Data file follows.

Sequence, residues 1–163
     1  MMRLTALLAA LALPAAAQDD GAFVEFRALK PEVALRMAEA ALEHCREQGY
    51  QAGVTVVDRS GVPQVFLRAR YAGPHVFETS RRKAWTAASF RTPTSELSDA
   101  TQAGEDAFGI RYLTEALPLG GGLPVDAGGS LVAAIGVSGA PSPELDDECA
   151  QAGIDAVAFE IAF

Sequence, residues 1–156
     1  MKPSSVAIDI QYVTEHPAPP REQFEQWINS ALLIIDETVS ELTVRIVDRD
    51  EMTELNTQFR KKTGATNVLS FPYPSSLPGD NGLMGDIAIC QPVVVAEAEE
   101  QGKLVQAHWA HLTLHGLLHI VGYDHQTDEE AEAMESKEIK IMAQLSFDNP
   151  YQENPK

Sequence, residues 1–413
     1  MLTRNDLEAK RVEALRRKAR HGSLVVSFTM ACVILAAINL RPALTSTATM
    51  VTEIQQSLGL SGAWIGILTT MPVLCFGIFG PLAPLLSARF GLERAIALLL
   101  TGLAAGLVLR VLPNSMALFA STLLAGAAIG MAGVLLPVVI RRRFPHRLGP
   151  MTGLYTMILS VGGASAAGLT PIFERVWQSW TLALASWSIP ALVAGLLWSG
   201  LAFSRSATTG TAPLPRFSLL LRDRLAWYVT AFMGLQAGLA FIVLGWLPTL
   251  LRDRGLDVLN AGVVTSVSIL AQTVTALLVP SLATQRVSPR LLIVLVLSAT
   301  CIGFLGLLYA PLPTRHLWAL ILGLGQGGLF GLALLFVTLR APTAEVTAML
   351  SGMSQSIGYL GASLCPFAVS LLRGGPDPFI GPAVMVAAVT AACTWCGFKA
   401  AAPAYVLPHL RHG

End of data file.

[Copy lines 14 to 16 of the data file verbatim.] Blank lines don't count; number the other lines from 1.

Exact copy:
   101  TGLAAGLVLR VLPNSMALFA STLLAGAAIG MAGVLLPVVI RRRFPHRLGP
   151  MTGLYTMILS VGGASAAGLT PIFERVWQSW TLALASWSIP ALVAGLLWSG
   201  LAFSRSATTG TAPLPRFSLL LRDRLAWYVT AFMGLQAGLA FIVLGWLPTL